Florida sheriff supports armed teachers in schools to stop shooters

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The sheriff leading the state commission investigating Florida's high school massacre says he now believes trained, volunteer teachers should have access to guns so they can stop shooters who get past other safeguards.

Pinellas County Sheriff Bob Gualtieri, chairman of the Marjory Stoneman Douglas High School Public Safety Commission, said he will ask the panel to recommend state law be changed so teachers who undergo background checks and extensive training will be allowed to have guns on campus as a last line of defense. It's a proposal that both the state teachers union and PTA oppose.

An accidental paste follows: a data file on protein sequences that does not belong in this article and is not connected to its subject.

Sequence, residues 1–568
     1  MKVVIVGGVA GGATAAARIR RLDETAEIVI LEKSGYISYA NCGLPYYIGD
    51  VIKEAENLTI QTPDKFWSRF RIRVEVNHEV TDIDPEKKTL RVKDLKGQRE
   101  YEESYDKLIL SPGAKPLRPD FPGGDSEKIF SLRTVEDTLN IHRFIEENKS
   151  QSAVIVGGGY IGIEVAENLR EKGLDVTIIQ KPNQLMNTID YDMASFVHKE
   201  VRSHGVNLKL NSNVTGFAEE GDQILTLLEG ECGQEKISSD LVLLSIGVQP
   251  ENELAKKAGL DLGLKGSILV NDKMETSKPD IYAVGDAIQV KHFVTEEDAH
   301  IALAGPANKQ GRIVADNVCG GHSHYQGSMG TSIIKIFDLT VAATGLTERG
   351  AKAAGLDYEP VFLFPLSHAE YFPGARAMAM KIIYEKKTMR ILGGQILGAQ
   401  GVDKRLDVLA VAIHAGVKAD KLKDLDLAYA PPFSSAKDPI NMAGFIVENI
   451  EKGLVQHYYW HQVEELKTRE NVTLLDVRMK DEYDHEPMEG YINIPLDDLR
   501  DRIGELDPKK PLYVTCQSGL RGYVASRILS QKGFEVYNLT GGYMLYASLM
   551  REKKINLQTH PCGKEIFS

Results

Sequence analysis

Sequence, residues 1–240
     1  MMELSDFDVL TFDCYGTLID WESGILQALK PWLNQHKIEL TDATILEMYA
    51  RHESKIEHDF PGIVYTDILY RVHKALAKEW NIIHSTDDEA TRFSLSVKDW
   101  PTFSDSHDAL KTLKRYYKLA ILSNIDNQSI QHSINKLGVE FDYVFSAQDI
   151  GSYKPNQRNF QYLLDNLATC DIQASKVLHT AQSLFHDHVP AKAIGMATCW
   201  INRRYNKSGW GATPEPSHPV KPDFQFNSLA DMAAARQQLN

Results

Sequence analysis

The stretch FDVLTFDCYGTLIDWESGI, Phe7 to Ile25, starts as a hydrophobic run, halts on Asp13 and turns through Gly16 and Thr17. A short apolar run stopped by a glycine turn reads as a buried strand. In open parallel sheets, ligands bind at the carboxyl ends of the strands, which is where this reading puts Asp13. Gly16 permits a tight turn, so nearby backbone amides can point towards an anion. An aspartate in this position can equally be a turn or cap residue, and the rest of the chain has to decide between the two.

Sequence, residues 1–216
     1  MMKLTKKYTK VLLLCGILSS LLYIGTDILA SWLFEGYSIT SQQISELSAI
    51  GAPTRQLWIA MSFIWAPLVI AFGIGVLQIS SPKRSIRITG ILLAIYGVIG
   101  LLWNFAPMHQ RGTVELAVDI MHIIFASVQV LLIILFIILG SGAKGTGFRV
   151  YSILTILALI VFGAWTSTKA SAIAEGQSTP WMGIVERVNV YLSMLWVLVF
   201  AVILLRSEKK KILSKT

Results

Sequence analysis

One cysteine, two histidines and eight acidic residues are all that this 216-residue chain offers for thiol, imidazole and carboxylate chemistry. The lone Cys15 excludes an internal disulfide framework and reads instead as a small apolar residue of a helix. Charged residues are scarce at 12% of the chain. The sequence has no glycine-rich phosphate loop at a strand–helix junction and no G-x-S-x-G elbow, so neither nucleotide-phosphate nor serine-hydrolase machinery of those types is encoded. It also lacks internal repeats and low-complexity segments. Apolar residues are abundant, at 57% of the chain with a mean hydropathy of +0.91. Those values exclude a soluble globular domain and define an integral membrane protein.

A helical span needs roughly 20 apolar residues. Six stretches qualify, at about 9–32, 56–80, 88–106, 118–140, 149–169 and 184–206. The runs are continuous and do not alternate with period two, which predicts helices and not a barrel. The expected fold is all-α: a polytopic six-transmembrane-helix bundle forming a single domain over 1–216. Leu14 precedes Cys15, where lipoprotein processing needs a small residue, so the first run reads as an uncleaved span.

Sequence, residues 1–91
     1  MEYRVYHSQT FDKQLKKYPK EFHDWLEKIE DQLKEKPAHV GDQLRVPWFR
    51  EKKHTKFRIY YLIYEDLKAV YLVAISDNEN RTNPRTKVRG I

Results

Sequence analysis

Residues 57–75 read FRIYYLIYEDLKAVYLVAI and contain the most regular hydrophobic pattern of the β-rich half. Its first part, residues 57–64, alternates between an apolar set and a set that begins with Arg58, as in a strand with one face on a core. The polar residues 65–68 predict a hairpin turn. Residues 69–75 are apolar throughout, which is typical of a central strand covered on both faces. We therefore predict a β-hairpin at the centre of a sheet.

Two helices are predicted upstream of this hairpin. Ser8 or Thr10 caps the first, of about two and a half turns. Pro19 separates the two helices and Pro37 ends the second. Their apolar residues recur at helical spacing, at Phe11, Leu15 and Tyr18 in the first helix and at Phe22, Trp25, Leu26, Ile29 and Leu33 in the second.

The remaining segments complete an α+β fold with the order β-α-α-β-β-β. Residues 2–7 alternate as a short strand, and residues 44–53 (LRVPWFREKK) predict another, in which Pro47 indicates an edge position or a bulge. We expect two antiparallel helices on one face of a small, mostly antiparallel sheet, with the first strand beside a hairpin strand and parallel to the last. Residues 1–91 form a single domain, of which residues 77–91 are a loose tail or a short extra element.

Gualtieri told The Associated Press this week he long believed only law enforcement personnel should carry guns at school, but his position "morphed" after studying other shootings and watching security video of the Feb. 14 Stoneman Douglas attack, which left 14 students and three staff members dead.

He said it "gnaws" at him that suspect Nikolas Cruz stopped firing five times to reload his AR-15 semi-automatic rifle, but no teacher or other school employee could use those pauses to shoot Cruz. The athletic director and a coach, both unarmed, died trying to stop Cruz and at least one teacher minutes later would have had a clear shot.

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